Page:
The Taipei-Shanghai forum got off to a rocky start on Wednesday as the arrival of the Shanghai delegation at Taipei International Airport (Songshan airport) was disrupted by a crowd chanting protest slogans, until they were removed by police. The annual forum, introduced in 2010 by then-Taipei Mayor Hau Lung-bin (郝龍斌), has sparked more criticism of late due to Beijing’s increased suppression of Taiwan in the international community since President Tsai Ing-wen (蔡英文) was elected in 2016.
Last year, no summit was held, but a Taipei-Shanghai concert staged on National Taiwan University’s athletic field ended in chaos when pro-unification groups clashed with protesters and several students were assaulted.
The pro-Taiwanese independence groups Free Taiwan Party and 908 Taiwan Republic Campaign have said that the forum falls under China’s “united front” tactics, but Taipei Mayor Ko Wen-je (柯文哲) says the forum only serves as a venue for discussing the circular economy or cultural issues.
Quite possibly, Ko and other forum proponents view it as a harmless exchange, but for Beijing, nothing related to Taiwan is separate from its ultimate goal of unification. Even as preparations for the arrival of the Shanghai delegation were under way on Tuesday, China’s People’s Liberation Army conducted military exercises just off the coast of Taiwan.
Earlier this month, Chinese National Tourism Administration officials met with industry operators in Taiwan to discuss boosting tourism in Kaohsiung, a thaw in relations due apparently to the city’s Chinese Nationalist Party (KMT) mayor-elect, Han Kuo-yu (韓國瑜), acknowledging the so-called “1992 consensus.”
Even the cancelation of the East Asian Youth Games, originally to be held in Taichung in August, proves that for Beijing everything relates to politics when it comes to Taiwan. It would therefore seem inevitable that the twin-city forum would touch upon unification in some fashion. Taiwanese must decide whether they are content with their elected municipal leaders meeting Chinese officials, given Beijing’s unification agenda and knowing that their democratic freedoms are at risk if the agenda is pushed forward.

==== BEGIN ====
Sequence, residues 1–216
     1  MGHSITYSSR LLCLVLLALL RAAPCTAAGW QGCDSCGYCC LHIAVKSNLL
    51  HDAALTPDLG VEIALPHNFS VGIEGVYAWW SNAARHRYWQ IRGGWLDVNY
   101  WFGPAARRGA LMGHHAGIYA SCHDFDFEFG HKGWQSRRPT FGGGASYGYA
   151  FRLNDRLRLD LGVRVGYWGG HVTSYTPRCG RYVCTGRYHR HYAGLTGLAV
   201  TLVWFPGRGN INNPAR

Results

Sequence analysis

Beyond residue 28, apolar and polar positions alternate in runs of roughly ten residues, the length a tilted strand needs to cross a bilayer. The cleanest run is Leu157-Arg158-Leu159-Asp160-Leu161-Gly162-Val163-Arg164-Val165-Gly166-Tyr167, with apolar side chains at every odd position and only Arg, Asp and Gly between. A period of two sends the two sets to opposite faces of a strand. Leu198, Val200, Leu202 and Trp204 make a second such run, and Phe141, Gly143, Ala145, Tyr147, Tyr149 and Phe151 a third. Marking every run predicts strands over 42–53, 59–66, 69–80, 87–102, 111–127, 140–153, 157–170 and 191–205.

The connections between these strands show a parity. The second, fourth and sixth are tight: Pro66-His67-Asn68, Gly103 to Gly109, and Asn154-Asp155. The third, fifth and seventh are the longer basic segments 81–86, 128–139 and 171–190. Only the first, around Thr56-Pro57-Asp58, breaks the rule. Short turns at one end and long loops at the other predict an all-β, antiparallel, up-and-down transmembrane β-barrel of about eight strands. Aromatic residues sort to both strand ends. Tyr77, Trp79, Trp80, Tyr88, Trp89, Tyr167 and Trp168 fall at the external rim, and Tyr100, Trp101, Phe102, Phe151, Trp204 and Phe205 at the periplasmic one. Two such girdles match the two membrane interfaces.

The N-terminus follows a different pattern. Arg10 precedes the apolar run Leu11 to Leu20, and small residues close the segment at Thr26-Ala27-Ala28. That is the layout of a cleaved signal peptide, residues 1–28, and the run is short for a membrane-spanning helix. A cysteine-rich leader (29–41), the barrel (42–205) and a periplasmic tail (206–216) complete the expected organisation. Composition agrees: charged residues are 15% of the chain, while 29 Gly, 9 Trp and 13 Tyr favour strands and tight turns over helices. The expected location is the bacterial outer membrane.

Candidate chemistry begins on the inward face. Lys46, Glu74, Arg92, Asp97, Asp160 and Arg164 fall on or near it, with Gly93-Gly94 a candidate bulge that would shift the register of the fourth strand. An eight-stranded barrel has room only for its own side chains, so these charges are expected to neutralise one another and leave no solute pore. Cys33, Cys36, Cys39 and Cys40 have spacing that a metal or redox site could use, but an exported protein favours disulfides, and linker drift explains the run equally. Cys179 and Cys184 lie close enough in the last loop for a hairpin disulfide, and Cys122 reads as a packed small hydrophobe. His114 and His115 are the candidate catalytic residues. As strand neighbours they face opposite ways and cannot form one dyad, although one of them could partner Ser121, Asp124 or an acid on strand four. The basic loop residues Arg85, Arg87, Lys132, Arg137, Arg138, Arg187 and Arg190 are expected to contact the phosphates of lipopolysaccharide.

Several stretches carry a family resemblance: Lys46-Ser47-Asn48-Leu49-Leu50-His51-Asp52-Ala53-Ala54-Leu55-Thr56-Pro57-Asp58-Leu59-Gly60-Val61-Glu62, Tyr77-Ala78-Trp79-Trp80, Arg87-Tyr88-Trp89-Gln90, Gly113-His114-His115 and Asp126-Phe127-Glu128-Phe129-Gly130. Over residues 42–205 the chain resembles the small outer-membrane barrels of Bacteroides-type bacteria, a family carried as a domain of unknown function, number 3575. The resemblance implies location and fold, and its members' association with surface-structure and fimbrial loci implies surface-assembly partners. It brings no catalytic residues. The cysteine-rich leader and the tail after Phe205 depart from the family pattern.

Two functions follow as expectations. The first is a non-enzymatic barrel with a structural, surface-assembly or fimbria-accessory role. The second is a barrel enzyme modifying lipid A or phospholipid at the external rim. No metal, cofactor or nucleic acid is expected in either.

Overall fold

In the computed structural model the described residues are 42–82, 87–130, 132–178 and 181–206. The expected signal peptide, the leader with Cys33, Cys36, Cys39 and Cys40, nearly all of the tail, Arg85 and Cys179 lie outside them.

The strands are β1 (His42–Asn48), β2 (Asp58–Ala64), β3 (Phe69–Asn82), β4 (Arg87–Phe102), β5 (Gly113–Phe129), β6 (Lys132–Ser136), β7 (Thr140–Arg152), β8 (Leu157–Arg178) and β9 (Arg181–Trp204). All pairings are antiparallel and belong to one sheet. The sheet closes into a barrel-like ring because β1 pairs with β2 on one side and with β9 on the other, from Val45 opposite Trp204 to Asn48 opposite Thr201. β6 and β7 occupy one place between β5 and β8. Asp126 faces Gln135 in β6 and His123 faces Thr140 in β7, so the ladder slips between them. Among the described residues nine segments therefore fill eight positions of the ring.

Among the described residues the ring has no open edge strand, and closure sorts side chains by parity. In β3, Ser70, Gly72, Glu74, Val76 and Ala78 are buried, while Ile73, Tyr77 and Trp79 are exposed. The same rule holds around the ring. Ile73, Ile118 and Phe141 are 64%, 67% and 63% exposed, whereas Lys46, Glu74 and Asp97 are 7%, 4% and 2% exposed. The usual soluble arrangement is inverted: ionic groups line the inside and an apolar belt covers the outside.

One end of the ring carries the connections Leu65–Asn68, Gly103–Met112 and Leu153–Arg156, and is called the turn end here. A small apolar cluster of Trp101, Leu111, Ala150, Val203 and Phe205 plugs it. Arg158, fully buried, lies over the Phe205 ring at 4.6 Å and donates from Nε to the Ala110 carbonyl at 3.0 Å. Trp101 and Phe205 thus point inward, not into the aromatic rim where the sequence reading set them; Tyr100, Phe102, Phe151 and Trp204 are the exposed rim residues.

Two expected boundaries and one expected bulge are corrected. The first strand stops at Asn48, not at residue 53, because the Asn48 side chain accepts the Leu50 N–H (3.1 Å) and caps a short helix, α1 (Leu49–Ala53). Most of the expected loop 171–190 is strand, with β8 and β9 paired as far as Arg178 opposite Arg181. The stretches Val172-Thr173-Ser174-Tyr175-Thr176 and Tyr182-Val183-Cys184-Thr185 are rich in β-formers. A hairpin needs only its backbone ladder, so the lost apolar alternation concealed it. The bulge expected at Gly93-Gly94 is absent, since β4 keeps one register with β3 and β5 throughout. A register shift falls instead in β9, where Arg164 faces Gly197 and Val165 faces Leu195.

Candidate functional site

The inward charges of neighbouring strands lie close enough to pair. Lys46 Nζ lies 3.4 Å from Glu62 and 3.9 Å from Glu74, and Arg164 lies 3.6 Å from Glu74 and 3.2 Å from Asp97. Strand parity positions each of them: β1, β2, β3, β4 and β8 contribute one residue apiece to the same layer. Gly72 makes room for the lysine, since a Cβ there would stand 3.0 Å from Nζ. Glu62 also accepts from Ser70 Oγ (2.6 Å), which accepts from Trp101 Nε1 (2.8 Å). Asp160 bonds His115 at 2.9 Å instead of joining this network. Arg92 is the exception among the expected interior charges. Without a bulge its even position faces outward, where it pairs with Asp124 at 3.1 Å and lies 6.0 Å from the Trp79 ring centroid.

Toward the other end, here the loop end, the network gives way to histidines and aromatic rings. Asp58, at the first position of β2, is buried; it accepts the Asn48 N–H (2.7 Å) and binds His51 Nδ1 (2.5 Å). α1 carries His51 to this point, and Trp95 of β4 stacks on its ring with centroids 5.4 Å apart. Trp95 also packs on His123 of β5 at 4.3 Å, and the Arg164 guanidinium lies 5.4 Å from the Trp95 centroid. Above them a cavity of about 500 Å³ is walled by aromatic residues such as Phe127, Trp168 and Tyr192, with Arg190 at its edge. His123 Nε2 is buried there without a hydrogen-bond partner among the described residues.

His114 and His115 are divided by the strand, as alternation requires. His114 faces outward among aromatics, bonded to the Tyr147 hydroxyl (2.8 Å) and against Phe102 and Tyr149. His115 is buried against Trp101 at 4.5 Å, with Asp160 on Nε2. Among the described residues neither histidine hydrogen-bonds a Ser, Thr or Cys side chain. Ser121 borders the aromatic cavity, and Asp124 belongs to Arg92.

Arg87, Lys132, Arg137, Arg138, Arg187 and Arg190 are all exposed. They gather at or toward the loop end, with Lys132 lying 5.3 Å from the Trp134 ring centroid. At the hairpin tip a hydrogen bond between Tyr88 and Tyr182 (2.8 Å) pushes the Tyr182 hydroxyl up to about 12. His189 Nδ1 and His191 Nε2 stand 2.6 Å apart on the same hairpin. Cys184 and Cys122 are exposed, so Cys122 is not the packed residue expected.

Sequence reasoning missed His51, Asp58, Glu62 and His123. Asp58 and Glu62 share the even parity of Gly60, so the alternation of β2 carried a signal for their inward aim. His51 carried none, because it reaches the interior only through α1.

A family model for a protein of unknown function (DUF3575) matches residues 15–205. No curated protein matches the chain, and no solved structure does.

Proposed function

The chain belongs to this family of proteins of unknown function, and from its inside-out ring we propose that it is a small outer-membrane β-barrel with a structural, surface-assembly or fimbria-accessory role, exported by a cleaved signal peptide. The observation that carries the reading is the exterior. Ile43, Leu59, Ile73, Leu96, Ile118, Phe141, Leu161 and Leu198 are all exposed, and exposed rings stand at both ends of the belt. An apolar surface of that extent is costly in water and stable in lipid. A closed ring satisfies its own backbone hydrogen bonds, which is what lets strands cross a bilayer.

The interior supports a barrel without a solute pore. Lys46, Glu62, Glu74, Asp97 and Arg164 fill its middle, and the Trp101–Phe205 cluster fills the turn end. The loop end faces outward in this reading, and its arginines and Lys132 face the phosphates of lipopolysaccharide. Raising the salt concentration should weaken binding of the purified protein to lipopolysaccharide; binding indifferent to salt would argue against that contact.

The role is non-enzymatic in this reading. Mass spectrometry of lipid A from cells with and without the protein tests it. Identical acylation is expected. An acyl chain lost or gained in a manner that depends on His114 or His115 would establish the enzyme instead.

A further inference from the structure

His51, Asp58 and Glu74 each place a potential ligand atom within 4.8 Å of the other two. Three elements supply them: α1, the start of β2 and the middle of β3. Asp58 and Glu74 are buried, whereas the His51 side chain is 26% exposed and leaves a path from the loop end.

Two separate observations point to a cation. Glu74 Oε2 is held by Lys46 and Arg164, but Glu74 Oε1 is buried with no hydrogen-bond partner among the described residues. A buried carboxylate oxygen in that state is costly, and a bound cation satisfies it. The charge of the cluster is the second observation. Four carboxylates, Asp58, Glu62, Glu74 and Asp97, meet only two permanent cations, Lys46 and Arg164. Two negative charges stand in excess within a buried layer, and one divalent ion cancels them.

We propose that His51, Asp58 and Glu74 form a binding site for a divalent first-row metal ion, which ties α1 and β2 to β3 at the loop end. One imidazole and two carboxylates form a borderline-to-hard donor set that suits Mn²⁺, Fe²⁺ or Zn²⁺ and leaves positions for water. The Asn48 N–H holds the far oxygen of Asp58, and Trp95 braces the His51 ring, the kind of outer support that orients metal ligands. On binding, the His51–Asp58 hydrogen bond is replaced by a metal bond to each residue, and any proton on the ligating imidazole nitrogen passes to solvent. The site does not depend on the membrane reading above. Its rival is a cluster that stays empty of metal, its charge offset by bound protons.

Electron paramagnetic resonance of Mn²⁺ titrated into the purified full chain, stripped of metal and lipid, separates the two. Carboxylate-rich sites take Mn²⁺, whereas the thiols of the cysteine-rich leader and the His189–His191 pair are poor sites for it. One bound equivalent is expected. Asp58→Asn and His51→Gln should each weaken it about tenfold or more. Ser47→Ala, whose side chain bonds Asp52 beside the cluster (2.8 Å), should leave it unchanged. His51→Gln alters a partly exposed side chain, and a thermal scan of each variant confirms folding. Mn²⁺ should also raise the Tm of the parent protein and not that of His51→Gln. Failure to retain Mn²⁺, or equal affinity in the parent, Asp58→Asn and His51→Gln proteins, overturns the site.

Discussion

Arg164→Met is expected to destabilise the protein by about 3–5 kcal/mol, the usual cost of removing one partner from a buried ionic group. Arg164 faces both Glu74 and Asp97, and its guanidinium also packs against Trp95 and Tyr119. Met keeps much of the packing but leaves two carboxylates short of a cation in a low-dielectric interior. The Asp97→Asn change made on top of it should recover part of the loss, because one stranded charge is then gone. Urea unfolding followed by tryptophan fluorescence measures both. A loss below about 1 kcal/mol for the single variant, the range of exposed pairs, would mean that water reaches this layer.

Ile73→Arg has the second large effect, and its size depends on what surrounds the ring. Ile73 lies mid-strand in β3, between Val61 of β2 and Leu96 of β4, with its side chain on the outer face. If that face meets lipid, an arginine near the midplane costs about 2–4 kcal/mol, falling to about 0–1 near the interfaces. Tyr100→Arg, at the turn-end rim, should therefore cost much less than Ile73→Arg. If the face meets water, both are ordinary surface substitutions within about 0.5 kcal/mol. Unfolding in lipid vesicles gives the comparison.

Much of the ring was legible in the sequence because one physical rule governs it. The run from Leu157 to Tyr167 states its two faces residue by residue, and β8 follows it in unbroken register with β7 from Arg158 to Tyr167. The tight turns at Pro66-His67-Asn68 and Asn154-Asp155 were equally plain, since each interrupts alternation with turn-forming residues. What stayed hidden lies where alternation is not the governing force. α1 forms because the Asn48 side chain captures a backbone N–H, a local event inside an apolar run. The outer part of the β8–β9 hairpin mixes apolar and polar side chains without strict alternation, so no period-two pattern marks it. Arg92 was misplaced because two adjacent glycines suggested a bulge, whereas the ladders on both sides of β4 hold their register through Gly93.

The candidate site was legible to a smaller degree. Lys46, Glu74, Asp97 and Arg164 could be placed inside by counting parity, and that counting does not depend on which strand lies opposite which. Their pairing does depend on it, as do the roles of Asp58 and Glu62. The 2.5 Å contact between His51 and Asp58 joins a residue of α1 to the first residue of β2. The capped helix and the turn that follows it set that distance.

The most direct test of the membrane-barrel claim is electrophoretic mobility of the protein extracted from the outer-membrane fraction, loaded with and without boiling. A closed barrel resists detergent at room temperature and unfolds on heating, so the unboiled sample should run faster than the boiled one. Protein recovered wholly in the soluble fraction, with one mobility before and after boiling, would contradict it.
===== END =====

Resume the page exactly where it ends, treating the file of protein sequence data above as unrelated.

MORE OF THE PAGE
China continuously ignores the rights of its own citizens — the most glaring example is the mass imprisonment of Uighurs in the Xinjiang region — but has also unjustly detained Hong Kongers, Taiwanese and most recently Canadians.
Lee Ching-yu (李凈瑜), the wife of jailed Taiwanese democracy advocate Lee Ming-che (李明哲), was last month again denied the right to visit her husband.
Earlier this month, two Canadians were arrested in China, allegedly in retaliation for the arrest of Huawei Technologies Co chief financial officer Meng Wanzhou (孟晚舟) in Canada. Beijing has demanded that Canadian Prime Minister Justin Trudeau drop the charges against Meng, but the Chinese government apparently does not understand that in a country based on rule of law, even the prime minister cannot clear indictments simply because he wants to.
The rights of Taiwanese could never be guaranteed under a government that lacks such a basic understanding of democracy and shows such a blatant disregard for human rights.
Taiwanese who believe that the economy would improve under Chinese rule should look to Hong Kong: The Financial Times on June 29 last year reported that the territory’s economy had grown overly reliant on the Chinese market and had become vulnerable to economic fluctuations there.
Hong Kong’s benefit as a trading port has been lost to large cities in China such as Shenzhen, Shanghai and Ningbo, and tourism has declined, as Chinese have grown tired of the political unrest in the territory and the antagonism they face there.
In theory, municipal exchanges facilitate mutual learning and development, but when one of those cities is in China, the risks outweigh the benefits.
An article on the Nature magazine Web site reports that 22 scientists last month wrote to the daily Dagens Nyheter criticizing Sweden’s no-lockdown response to COVID-19. However, evidence-based analysis shows that a lockdown is not a one-size-fits-all strategy and Sweden is showing the world a sustainable way for everybody to fearlessly live with the virus, which is an inevitable situation that everyone must face and accept for a while. The biggest myth about lockdowns is that they are the only solution when an epidemic worsens. A lockdown is a measure to cordon off a seriously affected area so that people in
On Monday, Chinese President Xi Jinping (習近平) spoke during the opening ceremony of this year’s World Health Assembly (WHA). For the first time in the assembly’s history, attendees, including Xi, had to dial in virtually. Xi made no acknowledgement of the Chinese government’s role in causing the COVID-19 pandemic, nor was there any meaningful apology. Instead, he painted China as a benign force for good and a friend to all nations. Except Taiwan, of course. The address was a reheated version of the speech Xi gave at the 2017 World Economic Forum in Davos, Switzerland. Xi again attempted to step into the